The concept of QoL is multidimensional and reflects how well an individual can cope with the burden of the disease and treatment. It was defined as the individual's perception of their position in life in the context of the culture and value systems in which they live and in relation to their goals, expectations, standards and concerns. It is a broad ranging concept, that incorporates the following in a complex manner: individual's physical health, psychological state, level of independence, social relationships, personal beliefs and their relationships to salient features of the environment. [7] This definition highlights the view that QoL is subjective, includes both positive and negative facets of life and is multidimensional. The QoL of an individual depends on functional abilities and the interaction with the environment and society. Wilson's disease produces a wide range of neurological symptoms and signs and can serve as a useful model for chronic disabling disorders. Wilson's disease is an imminently treatable condition and if recognized early it has a very good clinical outcome and impact on QoL. However, occasionally, despite early diagnosis and treatment some patients have a relentlessly progressive course and premature death. Prashanth et al. concluded that around half the patients with severe form of WD improved clinically and radiologically with decoppering therapy. [8]

Currently, QoL is being used as a measure to determine both the impact of various neurological disorders on life of individuals and the effectiveness of treatment and rehabilitation measures. In a study of patients with multiple sclerosis, higher Expanded Disability Status Score (EDSS) levels were associated with impaired QoL. [9] Paul et al . [10] observed that QoL was negatively affected by myasthenia gravis with notable differences across domains of functioning sensitive to physical limitation, including ability to engage in physical activities.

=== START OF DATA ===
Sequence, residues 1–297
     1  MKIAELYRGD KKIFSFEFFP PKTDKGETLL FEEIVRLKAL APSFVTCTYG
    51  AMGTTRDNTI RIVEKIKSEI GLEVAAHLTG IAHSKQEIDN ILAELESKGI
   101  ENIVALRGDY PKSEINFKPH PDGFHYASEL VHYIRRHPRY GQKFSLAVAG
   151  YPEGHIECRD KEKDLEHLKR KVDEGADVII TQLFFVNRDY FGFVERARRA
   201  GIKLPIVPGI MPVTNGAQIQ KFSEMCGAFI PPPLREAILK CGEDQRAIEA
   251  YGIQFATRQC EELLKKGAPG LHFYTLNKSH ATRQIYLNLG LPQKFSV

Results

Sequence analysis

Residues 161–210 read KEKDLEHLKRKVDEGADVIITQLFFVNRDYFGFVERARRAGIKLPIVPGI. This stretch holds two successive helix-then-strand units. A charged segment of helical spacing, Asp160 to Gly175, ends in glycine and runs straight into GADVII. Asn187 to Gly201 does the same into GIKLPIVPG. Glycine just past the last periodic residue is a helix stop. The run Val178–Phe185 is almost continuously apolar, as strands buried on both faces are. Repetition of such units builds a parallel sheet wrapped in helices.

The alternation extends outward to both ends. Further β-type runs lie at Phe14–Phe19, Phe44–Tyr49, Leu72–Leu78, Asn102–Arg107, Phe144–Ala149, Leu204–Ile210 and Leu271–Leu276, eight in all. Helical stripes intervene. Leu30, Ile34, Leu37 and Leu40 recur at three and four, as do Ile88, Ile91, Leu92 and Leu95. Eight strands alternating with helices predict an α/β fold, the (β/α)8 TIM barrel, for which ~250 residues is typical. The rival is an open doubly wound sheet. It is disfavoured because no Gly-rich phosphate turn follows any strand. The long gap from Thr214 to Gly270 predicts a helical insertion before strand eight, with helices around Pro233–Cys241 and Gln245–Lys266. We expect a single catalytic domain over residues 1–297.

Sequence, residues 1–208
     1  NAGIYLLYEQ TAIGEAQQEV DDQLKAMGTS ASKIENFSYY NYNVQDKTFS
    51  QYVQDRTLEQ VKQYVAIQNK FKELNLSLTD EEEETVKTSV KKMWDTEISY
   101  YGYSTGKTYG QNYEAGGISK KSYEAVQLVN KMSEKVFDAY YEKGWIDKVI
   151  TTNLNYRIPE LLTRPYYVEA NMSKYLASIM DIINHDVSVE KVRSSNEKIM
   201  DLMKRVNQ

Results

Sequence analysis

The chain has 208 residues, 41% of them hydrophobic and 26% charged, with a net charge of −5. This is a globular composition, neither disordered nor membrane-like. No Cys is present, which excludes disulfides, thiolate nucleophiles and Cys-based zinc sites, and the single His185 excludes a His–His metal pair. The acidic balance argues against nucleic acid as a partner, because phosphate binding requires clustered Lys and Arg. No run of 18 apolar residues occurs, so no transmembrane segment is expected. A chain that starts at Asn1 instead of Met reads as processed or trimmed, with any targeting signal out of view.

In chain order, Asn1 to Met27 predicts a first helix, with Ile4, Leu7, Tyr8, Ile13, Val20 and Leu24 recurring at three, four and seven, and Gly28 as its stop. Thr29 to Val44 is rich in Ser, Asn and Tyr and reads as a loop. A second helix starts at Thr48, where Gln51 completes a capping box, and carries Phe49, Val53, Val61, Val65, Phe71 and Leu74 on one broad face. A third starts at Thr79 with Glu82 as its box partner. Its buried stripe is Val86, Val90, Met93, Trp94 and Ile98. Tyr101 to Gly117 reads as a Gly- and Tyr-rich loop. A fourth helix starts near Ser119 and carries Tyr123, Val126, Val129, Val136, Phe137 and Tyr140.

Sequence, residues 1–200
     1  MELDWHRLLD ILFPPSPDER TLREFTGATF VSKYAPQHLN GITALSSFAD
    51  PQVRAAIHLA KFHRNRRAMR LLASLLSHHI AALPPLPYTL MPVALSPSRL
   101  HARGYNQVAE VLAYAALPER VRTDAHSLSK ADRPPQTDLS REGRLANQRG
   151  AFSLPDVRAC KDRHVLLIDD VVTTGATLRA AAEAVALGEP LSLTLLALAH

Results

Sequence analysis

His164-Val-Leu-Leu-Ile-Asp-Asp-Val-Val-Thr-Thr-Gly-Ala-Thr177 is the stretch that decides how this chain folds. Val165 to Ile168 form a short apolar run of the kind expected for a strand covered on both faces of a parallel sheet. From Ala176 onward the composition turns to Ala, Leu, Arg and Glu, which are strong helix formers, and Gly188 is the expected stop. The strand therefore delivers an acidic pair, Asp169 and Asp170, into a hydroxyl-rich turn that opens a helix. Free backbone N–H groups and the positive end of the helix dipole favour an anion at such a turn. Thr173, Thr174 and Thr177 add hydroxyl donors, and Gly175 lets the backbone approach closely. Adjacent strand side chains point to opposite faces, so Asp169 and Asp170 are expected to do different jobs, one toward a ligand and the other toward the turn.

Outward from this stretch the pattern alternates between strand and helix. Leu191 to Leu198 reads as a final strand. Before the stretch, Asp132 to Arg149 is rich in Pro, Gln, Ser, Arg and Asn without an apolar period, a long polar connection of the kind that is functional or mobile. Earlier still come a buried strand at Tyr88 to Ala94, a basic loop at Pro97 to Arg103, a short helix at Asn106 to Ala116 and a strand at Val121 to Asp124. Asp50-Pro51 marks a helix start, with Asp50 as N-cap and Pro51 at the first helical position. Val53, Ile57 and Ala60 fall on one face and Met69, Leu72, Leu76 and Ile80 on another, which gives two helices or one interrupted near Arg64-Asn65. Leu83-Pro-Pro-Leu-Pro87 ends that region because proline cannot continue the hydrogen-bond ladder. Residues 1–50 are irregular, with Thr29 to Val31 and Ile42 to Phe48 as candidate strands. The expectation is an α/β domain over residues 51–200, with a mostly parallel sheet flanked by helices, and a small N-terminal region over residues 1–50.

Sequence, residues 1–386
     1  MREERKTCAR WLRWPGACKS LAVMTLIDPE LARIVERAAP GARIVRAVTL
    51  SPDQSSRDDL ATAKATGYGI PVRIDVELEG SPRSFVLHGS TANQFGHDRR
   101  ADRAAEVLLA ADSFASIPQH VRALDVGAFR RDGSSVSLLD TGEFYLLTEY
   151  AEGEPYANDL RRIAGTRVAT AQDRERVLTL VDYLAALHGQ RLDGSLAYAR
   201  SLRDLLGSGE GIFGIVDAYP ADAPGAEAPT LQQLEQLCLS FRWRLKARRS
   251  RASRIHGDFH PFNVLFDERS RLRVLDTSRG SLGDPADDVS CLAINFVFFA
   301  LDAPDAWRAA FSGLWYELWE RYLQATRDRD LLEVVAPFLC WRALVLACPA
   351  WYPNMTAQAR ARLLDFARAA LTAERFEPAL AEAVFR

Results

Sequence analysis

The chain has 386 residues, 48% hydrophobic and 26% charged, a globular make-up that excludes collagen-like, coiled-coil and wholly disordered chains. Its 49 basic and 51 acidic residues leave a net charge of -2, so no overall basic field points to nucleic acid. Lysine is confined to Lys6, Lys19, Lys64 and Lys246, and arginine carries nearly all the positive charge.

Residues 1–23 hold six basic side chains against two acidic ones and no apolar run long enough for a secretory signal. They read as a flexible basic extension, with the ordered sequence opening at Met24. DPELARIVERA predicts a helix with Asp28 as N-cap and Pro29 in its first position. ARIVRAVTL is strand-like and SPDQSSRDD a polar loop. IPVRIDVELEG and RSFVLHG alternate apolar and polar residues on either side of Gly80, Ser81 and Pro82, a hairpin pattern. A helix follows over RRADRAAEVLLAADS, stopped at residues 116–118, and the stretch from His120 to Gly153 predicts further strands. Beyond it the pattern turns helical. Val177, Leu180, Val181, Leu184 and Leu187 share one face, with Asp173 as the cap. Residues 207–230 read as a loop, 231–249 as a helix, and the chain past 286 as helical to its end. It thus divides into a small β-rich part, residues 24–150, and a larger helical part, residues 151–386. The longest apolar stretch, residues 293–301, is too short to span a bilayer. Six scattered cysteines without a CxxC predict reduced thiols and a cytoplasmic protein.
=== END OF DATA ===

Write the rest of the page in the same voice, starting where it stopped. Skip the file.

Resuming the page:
In the present study, all domains of QoL co-related with each other [Table - 1] indicating that QoL domains are interlinked and provide a more holistic approach to health. Individuals with limited functional mobility and the ability to interact within their environment and society will most likely perceive their QoL to be poor.

Physical QoL was negatively affected by NSS ( p < 0.01). The higher NSS score means more severe physical problems that would limit the mobility and activity of daily living and is perceived by subjects as poor physical QoL. Physical domain positively correlated with duration of treatment [Table - 2]. The symptoms of WD respond very well to treatment and subjects on treatment for longer duration may have lesser physical symptoms and signs. The physical domain is the only domain affected by duration and severity of disease. The psychological, social and environmental domains of QoL did not relate to severity of disease or duration of symptoms. Further research is required to understand what determines various domains of QoL in subjects with WD. This may help in planning and delivery of services to patients.

Research with regard to QoL in persons with WD is virtually non-existent. Sutcliffe et al . [2] followed 24 patients of WD who underwent liver transplantation between 1988 to 2000. They used 36-Item Short Form 36 Health Survey Questionnaire to assess the QoL among survivors and compared it with the controls and observed that liver transplantation can be safely performed in patients with WD, with excellent long-term results and QoL. It is a self-report generic measure questionnaire containing 36 items organized into 8 domains that cover a wide range of physical activities and psychosocial perceptions including global ratings of general health. However, using WHO QoL, an international quality of life assessment, which has exclusively handled the problem of cross-cultural comparability can make it possible to carryout and compare the QoL research across the world. There are several aspects that have to be studied with regard to QoL from both the cross-sectional and longitudinal studies. The successful management of WD requires more than provision for medical treatment.